March 23, 2006

Overvalued.blogspot points out this San Mateo gem. Guess how much?


I grew up in a small town in Michigan, where $50,000 was a really nice house, $100,000 was a near mansion.


So I'll always be shocked to see a dump like this house going for what it's going for today. It would've been worth about $10,000 from my 1980's Michigan memory, and the people living in would be unemployed, uneducated and unwashed...

Plus, should anyone have to pay $5000 a month plus to live in such a hellhole?

Yup, this gem is listed at $725,000

When does the madness end?

21 comments:

Anonymous said...

My favorite Sunday morning activity is to find the "house of the week" in the Real Estate section of the Detroit newspaper.I cannot believe the mind numbing prices for these homes in the Detroit Metropolitan area. And I'm talking about OLD homes, less than 1500 square, 50x100 lots and don't forget the property tax.....Amazing.

Bake McBride said...

Not to put down Detroit, but I can't believe there is a bubble there?? I guess the lure of easy money didn't escape the Rust Belt. Suprising since the cities population has been decreasing.

Anonymous said...

But...but...but...it's in CALIFORNIA!!! That means it's worth untold millions and millions and millions of dollars!

Anonymous said...

No-one knows if this bubble

a) is really a bubble,

b) will continue, or

c) has finished.

But there are methods of protecting against a housing collapse. The Syracuse Home Equity Protection scheme is one. A similar scheme is available for other areas. Take a look at www.livepropertyservices.com which covers most parts of the US.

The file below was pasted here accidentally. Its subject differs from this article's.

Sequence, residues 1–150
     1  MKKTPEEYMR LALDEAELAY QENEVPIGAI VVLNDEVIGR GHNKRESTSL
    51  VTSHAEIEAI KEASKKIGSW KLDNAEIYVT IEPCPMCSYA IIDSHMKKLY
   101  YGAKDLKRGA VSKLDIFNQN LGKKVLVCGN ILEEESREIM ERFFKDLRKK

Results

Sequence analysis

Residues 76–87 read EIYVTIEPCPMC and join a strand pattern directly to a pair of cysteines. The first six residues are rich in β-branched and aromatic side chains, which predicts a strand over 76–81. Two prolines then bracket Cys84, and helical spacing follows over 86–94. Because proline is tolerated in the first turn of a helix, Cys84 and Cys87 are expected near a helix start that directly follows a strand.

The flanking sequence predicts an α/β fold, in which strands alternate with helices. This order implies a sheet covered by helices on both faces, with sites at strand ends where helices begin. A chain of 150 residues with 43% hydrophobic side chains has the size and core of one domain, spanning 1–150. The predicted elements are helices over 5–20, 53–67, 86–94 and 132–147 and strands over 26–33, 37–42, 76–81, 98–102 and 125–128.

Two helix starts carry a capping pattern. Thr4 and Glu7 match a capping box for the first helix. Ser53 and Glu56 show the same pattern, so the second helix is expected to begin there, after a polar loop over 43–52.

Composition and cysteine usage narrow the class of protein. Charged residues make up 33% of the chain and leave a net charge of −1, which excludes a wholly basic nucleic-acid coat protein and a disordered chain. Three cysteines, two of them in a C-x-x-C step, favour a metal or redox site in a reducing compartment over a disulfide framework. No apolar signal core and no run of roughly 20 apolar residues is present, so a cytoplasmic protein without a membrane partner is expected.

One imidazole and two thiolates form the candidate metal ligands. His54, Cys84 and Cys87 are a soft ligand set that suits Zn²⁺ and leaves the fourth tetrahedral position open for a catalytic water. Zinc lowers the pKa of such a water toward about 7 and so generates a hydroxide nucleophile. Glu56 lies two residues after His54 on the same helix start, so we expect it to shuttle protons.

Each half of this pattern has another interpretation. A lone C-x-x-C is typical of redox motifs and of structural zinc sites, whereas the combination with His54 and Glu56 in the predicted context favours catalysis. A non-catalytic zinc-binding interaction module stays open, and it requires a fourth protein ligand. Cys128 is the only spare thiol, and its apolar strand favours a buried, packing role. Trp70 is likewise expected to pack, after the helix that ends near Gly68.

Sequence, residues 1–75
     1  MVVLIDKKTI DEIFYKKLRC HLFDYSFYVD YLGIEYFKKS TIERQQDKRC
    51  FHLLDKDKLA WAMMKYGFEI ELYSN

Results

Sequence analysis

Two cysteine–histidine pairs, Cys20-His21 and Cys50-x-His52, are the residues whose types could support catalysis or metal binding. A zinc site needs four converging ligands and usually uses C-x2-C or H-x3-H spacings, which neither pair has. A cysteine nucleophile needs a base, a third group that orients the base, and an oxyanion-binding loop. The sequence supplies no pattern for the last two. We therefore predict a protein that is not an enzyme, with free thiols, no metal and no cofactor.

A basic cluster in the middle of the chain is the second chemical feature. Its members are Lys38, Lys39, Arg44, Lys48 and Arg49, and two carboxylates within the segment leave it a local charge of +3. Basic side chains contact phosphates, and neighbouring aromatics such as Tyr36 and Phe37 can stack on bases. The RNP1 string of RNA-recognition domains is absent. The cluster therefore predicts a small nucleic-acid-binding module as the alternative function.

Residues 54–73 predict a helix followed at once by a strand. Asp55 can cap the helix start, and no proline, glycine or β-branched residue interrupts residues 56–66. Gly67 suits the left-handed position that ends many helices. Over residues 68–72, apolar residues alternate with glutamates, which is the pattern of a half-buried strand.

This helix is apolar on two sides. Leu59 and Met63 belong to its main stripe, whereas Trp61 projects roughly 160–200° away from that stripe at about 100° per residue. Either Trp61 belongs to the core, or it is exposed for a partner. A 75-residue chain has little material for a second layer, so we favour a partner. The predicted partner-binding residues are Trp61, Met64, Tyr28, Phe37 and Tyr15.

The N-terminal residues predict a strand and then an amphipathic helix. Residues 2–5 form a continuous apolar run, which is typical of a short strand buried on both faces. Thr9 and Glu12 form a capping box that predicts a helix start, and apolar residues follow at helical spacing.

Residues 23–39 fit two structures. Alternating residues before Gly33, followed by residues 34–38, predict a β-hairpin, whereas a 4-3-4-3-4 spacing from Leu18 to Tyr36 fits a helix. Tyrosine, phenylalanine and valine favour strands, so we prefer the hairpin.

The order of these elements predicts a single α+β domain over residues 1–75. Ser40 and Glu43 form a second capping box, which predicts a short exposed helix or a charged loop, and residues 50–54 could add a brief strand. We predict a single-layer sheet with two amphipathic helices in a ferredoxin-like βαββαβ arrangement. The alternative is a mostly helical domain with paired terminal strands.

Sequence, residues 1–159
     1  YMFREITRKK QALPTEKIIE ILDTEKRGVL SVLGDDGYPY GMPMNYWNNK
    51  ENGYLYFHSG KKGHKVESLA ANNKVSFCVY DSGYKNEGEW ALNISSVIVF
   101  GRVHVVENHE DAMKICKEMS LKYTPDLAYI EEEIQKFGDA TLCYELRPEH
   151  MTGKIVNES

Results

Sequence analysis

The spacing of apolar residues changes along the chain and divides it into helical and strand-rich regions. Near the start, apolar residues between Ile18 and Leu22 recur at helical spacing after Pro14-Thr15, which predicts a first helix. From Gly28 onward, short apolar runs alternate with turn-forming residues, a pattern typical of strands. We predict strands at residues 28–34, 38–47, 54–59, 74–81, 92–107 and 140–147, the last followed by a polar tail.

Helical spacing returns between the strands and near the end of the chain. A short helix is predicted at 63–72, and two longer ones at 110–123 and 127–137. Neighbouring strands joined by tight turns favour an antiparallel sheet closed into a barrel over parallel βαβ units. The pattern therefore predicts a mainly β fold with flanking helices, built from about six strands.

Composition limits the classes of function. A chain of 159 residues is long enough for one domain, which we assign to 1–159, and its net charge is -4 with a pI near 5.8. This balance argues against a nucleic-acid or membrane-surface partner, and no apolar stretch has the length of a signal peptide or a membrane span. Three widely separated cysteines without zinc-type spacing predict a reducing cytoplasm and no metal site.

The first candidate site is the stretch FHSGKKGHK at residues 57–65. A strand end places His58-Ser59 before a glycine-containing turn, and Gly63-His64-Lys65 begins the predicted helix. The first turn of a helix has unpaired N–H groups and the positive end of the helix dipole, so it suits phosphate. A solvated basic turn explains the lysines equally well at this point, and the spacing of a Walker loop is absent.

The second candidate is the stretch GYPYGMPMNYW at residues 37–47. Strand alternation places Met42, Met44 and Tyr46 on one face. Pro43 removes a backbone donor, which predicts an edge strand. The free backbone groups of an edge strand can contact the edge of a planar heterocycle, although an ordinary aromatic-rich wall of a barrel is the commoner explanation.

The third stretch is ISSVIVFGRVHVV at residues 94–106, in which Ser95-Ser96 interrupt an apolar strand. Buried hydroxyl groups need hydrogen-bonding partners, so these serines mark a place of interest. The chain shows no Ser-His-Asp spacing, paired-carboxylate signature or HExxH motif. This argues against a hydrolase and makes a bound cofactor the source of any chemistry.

Tom DC/VA said...

"No-one knows if this bubble

a) is really a bubble,

b) will continue, or

c) has finished."

Nobody knows if the sun will rise tomorrow either, but it's a safe bet.

Yogsoggoth said...

I usually like this blog, but I am a bit put-off by this posting. So this house is a "hellhole"? Then I guess I live in a "hellhole" too. Of course, until today, I didn't know that I should be embarrassed about it. Then again, I lived in South Korea for three years and this little "hellhole" would have been a sign of tremendous wealth. But, I suppose that is exactly what is wrong with our country. Everything has to be big to be good - big cars, big houses, big bellies, and big asses. Yes, the price of the house is over the top. But, the house itself, looks very liveable. I guess when electric prices go through the roof and everyone in this country is trying to heat their 400,000 square foot McMansion, us "hellhole" dwellers will feel wise for having chosen a home just "big enough" for our needs.

Anonymous said...

I agree with Yogsoggoth here... prices are outrageous, but this is hardly a hellhole. It's just a very modest, somewhat obnoxiously painted house. That said, it is bizarre that people have to spend $3500+ every month for the next 30 years to buy it. Eh, even a housing bear like me suspects that in 30 years, $3500 a month won't seem like all that high a payment.

Anonymous said...

The National Association of Retailers said February home resales unexpectedly rose 5.2 percent to a 6.91 million unit annual rate compared with expectations for a decline to 6.50 million units.



Could someone please point to what part of the country this here data is linked to as far as sales go? Here in mass it seems pretty stagnet, but then again tis just the govermnet cooking the numbers as usual, to justify for another intrest rate hike. Goverment in the markets = 2007 recession as we all know.

Out at the peak said...